18:00 SAST

18:00  SAST

[Re]Claiming Our City

Envisioning Independent Infrastructures for the Waste-Pickers of South Africa

Brittany Van Der Westhuizen

BArch Hons 2022

Unit Leader: Gregory Katz
Unit Tutor: Jaco Jonker
Unit Assistant: Senzo Mamba

Making... A Difference 2022


“[Re)claiming our city” is a project that envisions a future where plastic is no longer viewed as a pollutant, but rather valued as a rare commodity that could be mined for. In this same future, dignity is restored to the hard-working community of waste-pickers who are responsible for saving our government over R750 million in landfill costs annually.

In 2022 Unit 17 set out to reintroduce function, program, context and users to a series of defunct office parks in the general region of Johannesburg, most of which were left desolate after the Covid-19 pandemic inspired a ‘work-from-home’ culture, leaving commercial developers with their hands in their hair.

Providing a recycling and redistribution center in the heart of Halfway House, Midrand seemed to be an obvious solution to mediate the sustainable reuse of currently redundant building stock and creating a self-sufficient micro-economy for the multitude of waste-pickers surrounding the site of choice.

However, after spending time with these waste-pickers, getting to know their routes, their schedules and some of the challenges they face daily, it became evident that infrastructures which have historically served as catalysts for fast transportation between major cities (e.g. bridges and highways) often pose as obstructions for waste-pickers by barricading access to adjoining suburbs.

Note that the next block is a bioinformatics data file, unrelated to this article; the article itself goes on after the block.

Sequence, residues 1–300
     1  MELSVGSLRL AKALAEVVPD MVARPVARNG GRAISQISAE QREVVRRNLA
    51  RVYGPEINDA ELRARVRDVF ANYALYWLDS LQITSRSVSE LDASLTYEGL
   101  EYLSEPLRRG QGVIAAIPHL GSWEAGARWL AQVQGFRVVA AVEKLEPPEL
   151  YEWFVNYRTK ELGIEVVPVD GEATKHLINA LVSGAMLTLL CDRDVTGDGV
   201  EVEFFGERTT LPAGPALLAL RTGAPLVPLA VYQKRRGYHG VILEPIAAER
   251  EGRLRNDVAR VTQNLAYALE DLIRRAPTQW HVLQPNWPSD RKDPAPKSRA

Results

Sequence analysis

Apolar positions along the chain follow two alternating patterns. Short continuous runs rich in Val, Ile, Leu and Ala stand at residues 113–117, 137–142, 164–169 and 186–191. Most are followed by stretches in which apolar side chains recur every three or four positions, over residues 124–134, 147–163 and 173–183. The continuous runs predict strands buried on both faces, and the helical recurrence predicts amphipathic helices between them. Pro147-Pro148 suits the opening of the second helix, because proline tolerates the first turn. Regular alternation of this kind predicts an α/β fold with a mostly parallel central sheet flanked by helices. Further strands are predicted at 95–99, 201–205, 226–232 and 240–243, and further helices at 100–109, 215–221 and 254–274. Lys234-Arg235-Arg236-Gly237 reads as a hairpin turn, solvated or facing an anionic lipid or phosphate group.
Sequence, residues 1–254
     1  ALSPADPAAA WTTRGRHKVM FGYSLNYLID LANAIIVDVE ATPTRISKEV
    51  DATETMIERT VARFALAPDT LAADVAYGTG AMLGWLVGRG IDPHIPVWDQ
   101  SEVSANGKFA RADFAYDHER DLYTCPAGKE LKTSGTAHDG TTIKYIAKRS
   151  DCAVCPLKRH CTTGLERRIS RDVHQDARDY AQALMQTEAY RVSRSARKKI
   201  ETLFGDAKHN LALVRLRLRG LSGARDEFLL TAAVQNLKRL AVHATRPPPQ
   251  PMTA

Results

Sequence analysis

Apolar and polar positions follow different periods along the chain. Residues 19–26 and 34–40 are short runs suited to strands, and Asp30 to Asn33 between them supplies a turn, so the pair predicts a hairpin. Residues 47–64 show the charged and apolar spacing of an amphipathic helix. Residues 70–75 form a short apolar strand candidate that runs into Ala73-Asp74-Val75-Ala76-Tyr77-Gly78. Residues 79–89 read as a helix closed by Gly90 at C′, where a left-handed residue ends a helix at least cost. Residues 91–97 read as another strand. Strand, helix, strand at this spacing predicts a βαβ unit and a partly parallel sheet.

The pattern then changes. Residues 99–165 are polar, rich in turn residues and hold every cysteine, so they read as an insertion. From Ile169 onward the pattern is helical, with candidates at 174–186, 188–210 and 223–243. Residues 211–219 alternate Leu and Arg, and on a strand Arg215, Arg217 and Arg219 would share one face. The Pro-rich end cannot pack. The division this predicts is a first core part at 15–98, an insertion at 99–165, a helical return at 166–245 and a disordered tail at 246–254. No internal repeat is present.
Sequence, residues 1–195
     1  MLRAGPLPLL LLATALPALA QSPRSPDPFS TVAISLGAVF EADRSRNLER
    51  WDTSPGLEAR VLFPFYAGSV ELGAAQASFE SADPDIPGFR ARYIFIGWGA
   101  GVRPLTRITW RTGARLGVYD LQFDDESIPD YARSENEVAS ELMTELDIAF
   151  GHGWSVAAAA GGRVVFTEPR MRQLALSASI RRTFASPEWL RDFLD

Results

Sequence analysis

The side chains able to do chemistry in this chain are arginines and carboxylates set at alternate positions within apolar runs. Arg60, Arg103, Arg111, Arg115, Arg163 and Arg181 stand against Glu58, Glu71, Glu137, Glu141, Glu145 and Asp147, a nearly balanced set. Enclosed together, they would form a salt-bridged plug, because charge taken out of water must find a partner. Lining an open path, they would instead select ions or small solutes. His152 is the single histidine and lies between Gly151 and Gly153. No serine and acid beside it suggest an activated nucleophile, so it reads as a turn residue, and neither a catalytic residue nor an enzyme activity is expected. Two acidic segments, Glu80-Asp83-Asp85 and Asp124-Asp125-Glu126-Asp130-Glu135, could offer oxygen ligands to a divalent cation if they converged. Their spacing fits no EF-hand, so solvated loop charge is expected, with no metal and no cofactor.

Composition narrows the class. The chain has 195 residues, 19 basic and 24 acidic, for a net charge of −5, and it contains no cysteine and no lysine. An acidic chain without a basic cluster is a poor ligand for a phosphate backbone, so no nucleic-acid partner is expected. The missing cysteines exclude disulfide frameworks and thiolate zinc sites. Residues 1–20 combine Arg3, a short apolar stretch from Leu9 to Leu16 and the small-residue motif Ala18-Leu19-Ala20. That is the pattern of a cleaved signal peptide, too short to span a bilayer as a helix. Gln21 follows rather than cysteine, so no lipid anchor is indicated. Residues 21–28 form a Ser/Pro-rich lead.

The project adopted a thinking-through-making methodology in which electronic waste was modified and recalibrated to develop a transportation intervention that could reduce safety risks created when waste-pickers and impatient motorists are expected to coordinate movements.

The project challenges the warped mentality of government institutions and private developers that the informal waste-picking sector is not worth investing in, by showing that a little time and effort can go a long way in introducing value to seemingly worthless objects.

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